Many countries view ballistic and cruise missile systems as cost-effective weapons and symbols of national power. These weapons present an asymmetric threat to US forces. Many ballistic and cruise missiles are armed with weapons of mass destruction.
However, numerous types of ballistic and cruise missiles have achieved dramatic improvements in accuracy that allow them to be used effectively with conventional warheads. These highly accurate weapons can be used in anti-access/area denial (A2/AD) missions.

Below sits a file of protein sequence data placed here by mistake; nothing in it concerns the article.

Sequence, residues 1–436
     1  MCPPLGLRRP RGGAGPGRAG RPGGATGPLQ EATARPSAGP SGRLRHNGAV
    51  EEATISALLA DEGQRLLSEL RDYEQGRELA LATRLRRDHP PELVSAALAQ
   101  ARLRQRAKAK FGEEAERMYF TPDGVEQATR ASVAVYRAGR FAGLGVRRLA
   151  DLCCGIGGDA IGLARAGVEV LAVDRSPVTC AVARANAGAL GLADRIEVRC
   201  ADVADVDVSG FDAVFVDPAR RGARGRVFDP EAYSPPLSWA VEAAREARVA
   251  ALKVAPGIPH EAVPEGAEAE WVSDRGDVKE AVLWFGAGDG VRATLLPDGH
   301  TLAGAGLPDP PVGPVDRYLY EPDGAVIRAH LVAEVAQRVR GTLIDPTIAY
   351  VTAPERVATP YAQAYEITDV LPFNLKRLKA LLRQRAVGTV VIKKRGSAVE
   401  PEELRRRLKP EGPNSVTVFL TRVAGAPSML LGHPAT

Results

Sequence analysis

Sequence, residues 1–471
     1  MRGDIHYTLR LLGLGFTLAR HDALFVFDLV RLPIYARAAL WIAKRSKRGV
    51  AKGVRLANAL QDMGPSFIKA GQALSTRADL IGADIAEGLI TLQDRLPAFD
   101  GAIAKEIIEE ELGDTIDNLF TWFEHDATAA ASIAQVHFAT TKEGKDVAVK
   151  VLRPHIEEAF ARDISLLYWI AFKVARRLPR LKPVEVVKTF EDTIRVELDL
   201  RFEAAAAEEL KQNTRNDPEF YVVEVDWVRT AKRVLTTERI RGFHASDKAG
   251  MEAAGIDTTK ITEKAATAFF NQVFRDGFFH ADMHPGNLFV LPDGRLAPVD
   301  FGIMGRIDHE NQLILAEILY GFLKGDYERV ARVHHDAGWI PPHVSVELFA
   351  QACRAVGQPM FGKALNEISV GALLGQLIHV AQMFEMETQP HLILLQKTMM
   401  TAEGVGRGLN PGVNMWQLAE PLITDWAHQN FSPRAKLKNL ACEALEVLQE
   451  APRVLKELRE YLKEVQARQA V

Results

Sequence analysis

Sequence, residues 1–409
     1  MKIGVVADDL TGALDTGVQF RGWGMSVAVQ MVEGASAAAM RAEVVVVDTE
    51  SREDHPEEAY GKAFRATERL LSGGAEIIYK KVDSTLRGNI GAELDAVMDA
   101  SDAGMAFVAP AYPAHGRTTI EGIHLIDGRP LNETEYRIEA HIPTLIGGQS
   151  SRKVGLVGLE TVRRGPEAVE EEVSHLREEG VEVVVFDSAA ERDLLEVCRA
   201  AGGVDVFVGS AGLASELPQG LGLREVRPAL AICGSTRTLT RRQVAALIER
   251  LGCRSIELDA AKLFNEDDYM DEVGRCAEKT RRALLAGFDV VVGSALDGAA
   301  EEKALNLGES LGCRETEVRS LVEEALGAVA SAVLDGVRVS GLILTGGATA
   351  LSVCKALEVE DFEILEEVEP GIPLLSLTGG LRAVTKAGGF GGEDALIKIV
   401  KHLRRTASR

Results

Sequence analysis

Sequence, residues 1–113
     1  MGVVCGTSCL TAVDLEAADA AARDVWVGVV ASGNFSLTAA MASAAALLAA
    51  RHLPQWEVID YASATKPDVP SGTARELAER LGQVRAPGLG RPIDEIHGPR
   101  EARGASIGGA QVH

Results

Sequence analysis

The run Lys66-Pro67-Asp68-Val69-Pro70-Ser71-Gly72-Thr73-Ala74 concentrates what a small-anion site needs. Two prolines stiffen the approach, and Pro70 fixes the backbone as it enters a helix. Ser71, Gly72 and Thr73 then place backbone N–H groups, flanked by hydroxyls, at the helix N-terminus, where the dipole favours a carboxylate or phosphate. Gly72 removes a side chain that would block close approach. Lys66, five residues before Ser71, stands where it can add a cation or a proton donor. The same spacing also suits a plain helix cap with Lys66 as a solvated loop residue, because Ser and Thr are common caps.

Tehran’s desire to have a strategic counter to the United States could drive it to field an ICBM. Progress in Iran’s space program could shorten a pathway to an ICBM because space launch vehicles (SLV) use inherently similar technologies. Since 2008, Iran has conducted multiple successful launches of the two-stage Safir SLV and has also revealed the larger two-stage Simorgh SLV, which could serve as a test bed for developing ICBM technologies. Iran has developed the Qiam-1 SRBM, the fourth-generation Fateh-110 SRBM, and claims to be mass-producing ballistic missiles capable of striking ships. Iran has modified its Shahab 3 MRBM to extend its range and effectiveness and also claims to have deployed the two-stage, solid-propellant Sejjil MRBM. In 2015, Iran publicized the launch of the Emad-1, which officials claim is Iran’s first long-range missile that is guided throughout flight and capable of hitting its targets with high-precision. Iranian officials have also announced plans for an Emad-2 with greater precision as well as a new Sejjil which can also be guided all the way to the target.
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